The negative perceptions of vaccines that are held by a small proportion of parents—specifically, a view that the potential risks of vaccination far outweigh any associated benefits—can contribute to outbreaks of vaccine-preventable diseases. For example, over the last 12 months there have been numerous measles outbreaks across Europe, resulting in thousands of infections and 31 deaths, despite the widespread availability of highly effective vaccines.
Anti-vaccine feelings among the general public have largely focused on concerns surrounding vaccine safety. The most prevalent myth regarding vaccines has been claims of a link between the development of autism spectrum disorder (ASD) in children and vaccination. This association, which has been extensively researched over the last couple of decades, has been found to be unsubstantiated. But despite scientific consensus that vaccines are safe and do not cause ASD, these beliefs continue to be commonly mentioned online and in the media.
Even though the perceived motivation for withholding immunisations it to keep children safe, those who do not receive vaccines are at a significantly higher risk of acquiring vaccine-preventable diseases. Low vaccination rates can also potentially undermine the health of the wider community by compromising herd immunity, allowing for disease outbreaks to occur.
Given the fact that anti-vaccine beliefs continue to be perpetuated on the internet, understanding how these views are spread among different groups of people online could help public health advocates to combat these harmful views. It is possible to monitor these views through an analysis of social media activity, a method for evaluating pubic consensus referred to as social listening.
A recent study by University of Alabama assistant professor Theodore Tomeny and colleagues examined who is most likely to harbor negative attitudes about vaccines by monitoring online activity, so that these misconceptions could be addressed in a more targeted fashion. During the study, 549,972 vaccine-related tweets made from 2009–2015 across the US were analysed by Tomeny and colleagues. Anti-vaccine tweets were identified by keywords commonly associated with negative opinions of vaccines, such as “ineffective,” “unsafe,” and “autism”. Interestingly, geographic areas with a disproportionate level of anti-vaccine beliefs were associated with larger, more affluent populations that had higher concentrations of new mothers. These regions also had higher levels of education, meaning that individuals who were likely to be more informed of the benefits of vaccinations were more outspoken about rumors and speculations regarding vaccine safety. The study’s findings were in line with those from numerous social studies surrounding anti-vaccine beliefs.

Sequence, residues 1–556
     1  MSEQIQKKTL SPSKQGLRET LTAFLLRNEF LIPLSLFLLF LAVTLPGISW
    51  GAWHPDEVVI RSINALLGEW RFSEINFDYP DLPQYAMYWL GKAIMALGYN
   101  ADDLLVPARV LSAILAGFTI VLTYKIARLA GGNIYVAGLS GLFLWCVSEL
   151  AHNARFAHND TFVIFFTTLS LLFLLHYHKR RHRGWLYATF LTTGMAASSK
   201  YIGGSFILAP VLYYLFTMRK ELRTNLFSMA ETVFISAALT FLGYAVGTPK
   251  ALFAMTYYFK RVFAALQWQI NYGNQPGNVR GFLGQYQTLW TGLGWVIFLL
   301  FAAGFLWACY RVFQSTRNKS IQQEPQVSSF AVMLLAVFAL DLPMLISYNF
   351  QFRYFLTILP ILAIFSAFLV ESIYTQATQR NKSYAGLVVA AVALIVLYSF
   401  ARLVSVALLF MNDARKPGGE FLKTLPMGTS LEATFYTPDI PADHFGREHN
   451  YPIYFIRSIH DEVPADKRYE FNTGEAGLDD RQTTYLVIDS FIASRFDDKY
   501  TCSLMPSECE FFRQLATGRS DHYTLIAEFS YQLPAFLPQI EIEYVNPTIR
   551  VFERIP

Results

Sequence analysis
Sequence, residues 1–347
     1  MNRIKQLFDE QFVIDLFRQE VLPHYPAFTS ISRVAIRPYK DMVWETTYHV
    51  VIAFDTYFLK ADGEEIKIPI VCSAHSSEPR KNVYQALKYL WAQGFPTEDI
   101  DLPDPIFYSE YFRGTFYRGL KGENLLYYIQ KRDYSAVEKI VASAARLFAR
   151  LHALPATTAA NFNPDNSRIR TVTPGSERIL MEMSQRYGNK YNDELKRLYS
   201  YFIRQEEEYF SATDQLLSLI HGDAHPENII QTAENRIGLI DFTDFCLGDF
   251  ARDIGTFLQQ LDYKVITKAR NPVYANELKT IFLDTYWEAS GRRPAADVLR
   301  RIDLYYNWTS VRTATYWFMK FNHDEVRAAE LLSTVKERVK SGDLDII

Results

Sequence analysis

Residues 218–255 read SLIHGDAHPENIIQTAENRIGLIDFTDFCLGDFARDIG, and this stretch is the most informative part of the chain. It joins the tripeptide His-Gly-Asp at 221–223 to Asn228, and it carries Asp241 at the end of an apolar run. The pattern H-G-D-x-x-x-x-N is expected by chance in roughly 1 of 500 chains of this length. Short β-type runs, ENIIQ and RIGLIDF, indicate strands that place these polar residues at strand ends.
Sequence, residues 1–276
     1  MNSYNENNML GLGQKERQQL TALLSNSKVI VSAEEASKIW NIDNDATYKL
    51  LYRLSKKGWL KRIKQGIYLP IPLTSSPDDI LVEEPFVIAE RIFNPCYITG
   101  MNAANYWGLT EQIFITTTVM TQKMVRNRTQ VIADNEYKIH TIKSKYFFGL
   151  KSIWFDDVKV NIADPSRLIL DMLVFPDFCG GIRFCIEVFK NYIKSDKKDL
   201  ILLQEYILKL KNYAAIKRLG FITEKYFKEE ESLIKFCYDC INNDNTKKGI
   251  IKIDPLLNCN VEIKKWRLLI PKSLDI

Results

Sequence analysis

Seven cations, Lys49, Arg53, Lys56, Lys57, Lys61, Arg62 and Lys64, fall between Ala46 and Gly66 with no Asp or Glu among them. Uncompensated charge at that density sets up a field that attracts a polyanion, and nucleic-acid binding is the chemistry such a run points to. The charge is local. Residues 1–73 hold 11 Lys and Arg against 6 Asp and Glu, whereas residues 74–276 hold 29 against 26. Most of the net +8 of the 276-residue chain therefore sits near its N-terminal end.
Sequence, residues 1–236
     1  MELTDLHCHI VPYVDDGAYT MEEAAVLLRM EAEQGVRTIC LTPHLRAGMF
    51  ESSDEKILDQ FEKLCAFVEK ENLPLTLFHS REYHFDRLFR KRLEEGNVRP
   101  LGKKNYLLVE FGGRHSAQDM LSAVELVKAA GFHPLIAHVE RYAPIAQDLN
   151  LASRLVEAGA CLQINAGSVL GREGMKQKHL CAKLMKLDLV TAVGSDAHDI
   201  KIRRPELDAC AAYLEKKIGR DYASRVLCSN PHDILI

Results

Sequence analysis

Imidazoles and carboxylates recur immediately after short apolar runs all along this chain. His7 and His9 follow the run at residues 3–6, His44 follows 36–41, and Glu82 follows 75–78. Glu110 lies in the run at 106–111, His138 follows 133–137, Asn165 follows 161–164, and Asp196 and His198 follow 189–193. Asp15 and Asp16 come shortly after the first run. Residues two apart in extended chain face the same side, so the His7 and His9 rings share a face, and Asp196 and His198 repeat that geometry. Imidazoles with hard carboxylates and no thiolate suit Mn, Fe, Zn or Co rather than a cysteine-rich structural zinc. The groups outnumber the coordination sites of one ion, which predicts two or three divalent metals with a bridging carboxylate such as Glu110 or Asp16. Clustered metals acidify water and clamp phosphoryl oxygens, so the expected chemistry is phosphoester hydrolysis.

Social listening studies such as this can be completed cheaply and in real time, unlike traditional surveys. The speed at which the public reaction to current health-related events could be evaluated with this approach was highlighted by sudden peaks in anti-vaccine tweets during vaccine-related news; such as in the case of the “CDC Whistleblower” story.
Knowledge of which individuals are most likely to refuse or delay vaccinations for their children is vital in the struggle to increase vaccination rates and successfully protect communities from infectious diseases. Social listening, as demonstrated by this study, can identify those most likely to refuse vaccinations as well as monitor real-time shifts in public opinion. Therefore, it has the potential to be a powerful tool in campaigns aiming to tackle misconceptions about vaccine safety and improve vaccination rates.